Archaeologists recently went underground along the Camden waterfront in search of some precious and historical items.
On Thursday, their findings were put on display.
Ilene Grossman-Bailey of the firm Richard Grubb & Associates showed off artifacts from a months' long archaeological dig on the Camden waterfront, items that testing shows date back to 1400 BC.
"I'm flabbergasted. Just to hear that it goes back upwards of 1,000 years before Christ, so to speak, that's really powerful stuff," T&M Associates Project Manager Mark Stettler said.
The discovery includes about 1,300 ancient items, tools that would have been used by Native Americans.
A piece of hearth was darkened by flames.
A round ball is believed to be a grinding stone.
A shard of ceramic soapstone was likely part of a vessel or pot.
"These items are fairly rare; it's exciting to find this. Native Americans did not paint their pottery. That's what makes it really interesting and gives us the possibility that we can learn a lot about how people were living," Grossman-Bailey said.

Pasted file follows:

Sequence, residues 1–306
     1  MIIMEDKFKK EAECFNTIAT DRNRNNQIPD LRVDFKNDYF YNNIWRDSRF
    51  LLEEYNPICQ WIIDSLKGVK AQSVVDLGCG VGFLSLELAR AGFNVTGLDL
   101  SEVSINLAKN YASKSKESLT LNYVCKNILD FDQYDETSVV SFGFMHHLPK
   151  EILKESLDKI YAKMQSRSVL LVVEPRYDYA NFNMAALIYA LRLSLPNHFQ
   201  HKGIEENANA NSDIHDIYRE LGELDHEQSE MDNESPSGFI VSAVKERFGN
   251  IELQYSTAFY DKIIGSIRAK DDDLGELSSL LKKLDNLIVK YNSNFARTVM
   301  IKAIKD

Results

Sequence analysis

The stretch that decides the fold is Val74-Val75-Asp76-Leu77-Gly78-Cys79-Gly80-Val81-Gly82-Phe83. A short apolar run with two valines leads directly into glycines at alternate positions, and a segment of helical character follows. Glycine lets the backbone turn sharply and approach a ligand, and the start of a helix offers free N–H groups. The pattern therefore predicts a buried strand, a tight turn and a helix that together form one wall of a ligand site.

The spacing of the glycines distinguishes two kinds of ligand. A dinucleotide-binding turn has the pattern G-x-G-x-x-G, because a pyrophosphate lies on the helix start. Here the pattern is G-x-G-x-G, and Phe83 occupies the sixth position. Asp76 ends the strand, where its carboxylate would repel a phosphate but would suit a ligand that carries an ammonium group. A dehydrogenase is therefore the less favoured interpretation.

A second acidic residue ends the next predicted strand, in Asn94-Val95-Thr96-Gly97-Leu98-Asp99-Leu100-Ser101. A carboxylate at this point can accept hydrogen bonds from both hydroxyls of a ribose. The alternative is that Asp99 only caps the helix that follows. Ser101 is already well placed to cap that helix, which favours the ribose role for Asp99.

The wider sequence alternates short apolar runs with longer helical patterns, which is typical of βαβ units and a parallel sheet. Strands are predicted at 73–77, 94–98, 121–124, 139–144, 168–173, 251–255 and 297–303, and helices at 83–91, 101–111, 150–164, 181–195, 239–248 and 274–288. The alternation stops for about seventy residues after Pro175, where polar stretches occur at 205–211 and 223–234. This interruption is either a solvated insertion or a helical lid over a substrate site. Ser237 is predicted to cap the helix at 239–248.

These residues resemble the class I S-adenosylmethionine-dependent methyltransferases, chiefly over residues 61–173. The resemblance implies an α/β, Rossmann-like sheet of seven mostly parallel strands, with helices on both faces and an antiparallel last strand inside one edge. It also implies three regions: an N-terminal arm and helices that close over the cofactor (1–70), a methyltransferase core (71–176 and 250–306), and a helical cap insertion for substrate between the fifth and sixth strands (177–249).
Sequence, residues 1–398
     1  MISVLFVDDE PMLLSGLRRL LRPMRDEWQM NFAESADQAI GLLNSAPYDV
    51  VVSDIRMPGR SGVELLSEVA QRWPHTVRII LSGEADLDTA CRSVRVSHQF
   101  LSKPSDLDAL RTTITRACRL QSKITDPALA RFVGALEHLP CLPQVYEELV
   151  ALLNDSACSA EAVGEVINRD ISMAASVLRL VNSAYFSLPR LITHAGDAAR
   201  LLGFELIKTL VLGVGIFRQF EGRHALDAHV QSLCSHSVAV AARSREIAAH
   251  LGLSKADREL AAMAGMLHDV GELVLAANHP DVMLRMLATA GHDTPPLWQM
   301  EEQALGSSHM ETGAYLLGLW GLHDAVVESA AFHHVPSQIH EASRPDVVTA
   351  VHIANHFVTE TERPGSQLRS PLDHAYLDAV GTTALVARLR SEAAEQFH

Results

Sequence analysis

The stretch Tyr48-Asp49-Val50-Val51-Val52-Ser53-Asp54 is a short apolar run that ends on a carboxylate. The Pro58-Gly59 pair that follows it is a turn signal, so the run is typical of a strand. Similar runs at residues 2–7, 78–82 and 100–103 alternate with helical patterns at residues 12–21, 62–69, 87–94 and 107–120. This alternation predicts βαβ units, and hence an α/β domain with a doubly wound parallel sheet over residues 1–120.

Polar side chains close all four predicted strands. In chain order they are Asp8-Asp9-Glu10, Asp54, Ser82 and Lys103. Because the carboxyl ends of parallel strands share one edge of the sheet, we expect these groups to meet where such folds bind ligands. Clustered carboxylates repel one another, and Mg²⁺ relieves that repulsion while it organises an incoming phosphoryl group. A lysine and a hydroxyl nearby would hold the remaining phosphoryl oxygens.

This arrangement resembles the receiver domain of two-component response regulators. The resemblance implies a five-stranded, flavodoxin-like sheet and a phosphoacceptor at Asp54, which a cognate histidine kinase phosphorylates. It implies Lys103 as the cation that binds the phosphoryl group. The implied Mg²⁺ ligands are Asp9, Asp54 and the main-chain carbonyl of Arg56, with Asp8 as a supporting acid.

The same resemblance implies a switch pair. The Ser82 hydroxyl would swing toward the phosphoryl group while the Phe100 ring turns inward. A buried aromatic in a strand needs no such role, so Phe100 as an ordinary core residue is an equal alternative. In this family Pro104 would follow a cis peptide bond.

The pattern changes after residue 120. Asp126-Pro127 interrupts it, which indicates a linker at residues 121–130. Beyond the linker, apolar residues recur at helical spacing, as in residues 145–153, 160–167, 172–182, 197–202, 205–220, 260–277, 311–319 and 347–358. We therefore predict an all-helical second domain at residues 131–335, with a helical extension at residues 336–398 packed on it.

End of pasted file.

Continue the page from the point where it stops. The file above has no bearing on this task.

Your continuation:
The artifacts were discovered as Camden County prepared for the giant Holtech project now underway.
It required realigning nearby Broadway and when the digging started, well, one thing led to another.
A team of archaeologists is now in the process of catalog and analyzing the pieces that were excavated. Eventually, historians from the state will decide what to do with them.
"My hope is after the state categorizes everything and that it's there and whatever they have to do, that it comes back to Camden County," Susan Shin Angulo, Camden County Freeholder, said.
Mark Stettler, the engineer on the realignment project, is a fifth generation Camden resident.
"We are not only bringing the city of Camden back, but we are also taking the opportunity that we preserve the history that's there," Stettler said.